Looking back over the past few decades, it’s easy enough to stereotype Buick as the preferred ride of octogenarians — but during a few (and all too brief) years in the late 1960s, early 1970s, and 1980s, the phrase “performance Buick” didn’t elicit fits of laughter. Those days may soon return, if the Regal GS concept — which debuts at the 2010 Detroit auto show — is any indication of things to come.
Conceived as a “21st-century successor” to the vaulted Skylark Gran Sports and Regal Grand Nationals, the show car — like the production 2011 Regal itself — has European roots. Much of the car stems from the high-performance OPC version of the Opel Insignia, including the lowered stance, aggressive front fascia, and large 20-inch wheels. Inside, the Regal GS sports an all black interior, highlighted by special Recaro front buckets (donated from the Insignia OPC), and a flat-bottom sport steering wheel.
The GS show car is powered by GM’s turbocharged 2.0-liter Ecotec I-4, but receives a bump in power to live up to the Gran Sport legend. GM says the engine is pumping out about 255 hp and 295 lb-ft of torque, allowing it to propel the Regal GS from 0-60 mph in under six seconds. Power is put to the ground via a six-speed manual transmission and an advanced all-wheel-drive system, developed in part by Haldex. The system uses an electronic limited-slip rear differential to help push the car through corners, giving it a balanced, rear-drive feel. Further helping to instill that balanced feel are the unique “HiPerStrut” struts up front, which reportedly help to quell torque steer while improving steering feel.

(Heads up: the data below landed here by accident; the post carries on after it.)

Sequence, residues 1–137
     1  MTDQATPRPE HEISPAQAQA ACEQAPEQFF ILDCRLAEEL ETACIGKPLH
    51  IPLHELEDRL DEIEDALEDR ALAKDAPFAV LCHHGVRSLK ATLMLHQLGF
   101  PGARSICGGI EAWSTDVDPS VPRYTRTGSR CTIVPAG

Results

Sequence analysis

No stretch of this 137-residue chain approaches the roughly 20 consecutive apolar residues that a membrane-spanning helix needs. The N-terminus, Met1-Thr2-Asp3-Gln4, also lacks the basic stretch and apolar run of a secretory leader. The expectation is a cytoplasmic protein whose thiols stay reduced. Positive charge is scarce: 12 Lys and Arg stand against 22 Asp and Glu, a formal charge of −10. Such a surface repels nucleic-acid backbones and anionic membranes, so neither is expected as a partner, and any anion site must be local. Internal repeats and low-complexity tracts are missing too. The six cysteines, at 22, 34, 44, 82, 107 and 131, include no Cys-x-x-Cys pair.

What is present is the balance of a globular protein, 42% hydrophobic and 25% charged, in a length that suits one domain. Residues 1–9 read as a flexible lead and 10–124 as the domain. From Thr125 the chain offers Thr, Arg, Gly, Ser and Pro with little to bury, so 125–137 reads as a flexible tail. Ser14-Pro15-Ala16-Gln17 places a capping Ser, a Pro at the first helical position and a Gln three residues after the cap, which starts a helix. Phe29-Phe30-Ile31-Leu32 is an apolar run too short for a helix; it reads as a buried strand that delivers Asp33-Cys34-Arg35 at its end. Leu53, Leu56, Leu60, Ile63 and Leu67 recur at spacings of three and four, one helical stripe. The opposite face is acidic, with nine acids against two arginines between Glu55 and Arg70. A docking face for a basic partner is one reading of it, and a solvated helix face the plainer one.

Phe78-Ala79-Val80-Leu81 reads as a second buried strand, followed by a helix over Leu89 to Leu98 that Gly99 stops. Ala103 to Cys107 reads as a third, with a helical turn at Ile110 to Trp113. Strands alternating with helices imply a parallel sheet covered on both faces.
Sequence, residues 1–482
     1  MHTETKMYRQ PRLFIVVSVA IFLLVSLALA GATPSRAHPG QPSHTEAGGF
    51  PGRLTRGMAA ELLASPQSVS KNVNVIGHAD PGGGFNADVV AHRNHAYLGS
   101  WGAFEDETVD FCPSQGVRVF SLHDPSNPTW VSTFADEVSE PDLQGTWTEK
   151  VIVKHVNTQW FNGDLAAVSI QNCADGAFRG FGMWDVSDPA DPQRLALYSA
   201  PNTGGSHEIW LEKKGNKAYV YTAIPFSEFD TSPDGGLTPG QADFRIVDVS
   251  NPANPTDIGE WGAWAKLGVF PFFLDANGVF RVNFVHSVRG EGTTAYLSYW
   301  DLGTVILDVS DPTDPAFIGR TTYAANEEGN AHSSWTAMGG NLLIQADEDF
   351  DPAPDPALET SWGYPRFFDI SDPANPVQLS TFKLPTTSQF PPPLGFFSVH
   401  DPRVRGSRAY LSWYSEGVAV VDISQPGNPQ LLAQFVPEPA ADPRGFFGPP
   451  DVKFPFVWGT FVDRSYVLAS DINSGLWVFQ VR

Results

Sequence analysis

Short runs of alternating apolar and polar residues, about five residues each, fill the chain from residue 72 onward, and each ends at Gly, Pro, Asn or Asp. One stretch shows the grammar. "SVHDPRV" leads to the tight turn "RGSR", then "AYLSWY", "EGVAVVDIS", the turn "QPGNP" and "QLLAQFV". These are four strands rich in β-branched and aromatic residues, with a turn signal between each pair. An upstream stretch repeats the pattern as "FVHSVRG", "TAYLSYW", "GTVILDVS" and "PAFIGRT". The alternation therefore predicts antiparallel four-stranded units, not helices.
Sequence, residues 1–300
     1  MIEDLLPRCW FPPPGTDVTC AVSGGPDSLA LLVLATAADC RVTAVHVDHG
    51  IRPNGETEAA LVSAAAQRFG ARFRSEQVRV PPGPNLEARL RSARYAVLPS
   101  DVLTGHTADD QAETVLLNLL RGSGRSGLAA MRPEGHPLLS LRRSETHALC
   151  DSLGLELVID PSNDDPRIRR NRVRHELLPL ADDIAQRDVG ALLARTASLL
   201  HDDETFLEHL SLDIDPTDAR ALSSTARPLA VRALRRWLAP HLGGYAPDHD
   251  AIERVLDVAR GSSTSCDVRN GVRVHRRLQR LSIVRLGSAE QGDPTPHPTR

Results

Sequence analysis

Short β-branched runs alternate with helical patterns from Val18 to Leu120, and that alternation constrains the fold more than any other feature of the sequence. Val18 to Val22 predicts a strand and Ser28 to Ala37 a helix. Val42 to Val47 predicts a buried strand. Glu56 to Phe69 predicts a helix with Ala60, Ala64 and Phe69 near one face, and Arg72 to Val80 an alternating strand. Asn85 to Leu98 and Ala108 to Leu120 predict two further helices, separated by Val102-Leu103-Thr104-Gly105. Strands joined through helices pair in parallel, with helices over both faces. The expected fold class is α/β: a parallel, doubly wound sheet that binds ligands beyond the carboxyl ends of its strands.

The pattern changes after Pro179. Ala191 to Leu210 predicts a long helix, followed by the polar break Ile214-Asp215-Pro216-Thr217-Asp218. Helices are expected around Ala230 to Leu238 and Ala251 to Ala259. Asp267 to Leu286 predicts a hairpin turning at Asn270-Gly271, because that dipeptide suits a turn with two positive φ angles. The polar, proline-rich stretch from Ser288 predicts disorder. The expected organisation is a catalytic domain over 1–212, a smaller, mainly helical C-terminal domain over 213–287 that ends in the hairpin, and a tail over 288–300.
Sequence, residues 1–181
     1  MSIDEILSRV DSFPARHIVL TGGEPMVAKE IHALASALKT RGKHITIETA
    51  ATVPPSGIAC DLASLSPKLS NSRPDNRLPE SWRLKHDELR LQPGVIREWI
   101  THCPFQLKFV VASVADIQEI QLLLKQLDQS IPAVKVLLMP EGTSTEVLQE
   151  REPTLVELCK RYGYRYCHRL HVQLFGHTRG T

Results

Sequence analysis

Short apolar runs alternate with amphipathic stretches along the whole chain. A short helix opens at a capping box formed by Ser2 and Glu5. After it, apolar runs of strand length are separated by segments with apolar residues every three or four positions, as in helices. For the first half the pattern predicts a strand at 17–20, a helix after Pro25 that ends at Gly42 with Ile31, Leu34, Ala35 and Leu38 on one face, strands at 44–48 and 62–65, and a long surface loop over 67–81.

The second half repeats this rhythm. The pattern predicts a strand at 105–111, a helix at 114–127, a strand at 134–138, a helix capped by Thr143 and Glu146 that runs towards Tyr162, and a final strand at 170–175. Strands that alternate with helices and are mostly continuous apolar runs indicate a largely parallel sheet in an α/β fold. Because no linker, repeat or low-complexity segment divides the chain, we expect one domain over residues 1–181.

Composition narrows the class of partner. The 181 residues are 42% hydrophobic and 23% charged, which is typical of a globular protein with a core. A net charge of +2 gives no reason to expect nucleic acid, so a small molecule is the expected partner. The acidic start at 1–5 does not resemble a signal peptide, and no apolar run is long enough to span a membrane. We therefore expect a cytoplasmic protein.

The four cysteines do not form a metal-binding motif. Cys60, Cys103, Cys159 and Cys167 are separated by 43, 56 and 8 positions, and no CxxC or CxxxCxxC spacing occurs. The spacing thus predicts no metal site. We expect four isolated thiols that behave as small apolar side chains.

Similar to Audi’s “Drive Select” controller, Regal GS show car allows drivers to modify the car’s ride control, steering effort, and throttle response through the “Interactive Drive Control System.” IDCS has three settings — normal, sport, and GS — to allow drivers to tailor the car for soft cruising or hard driving. You’ll know if you’ve selected either the sport or GS setting — the instrument cluster will glow a soft blue hue.
Although GM labels the Regal GS as a show car, a production model is entirely feasible. Craig Bierley, Buick’s marketing manager, says the Regal GS was designed to “explore the appeal” of a high-performance Regal. Undoubtedly, it is appealing to enthusiasts, but better yet, it may be to GM’s bean counters: most, if not all, of these features are already offered across the pond, and it wouldn’t be too hard to certify them for use in North America.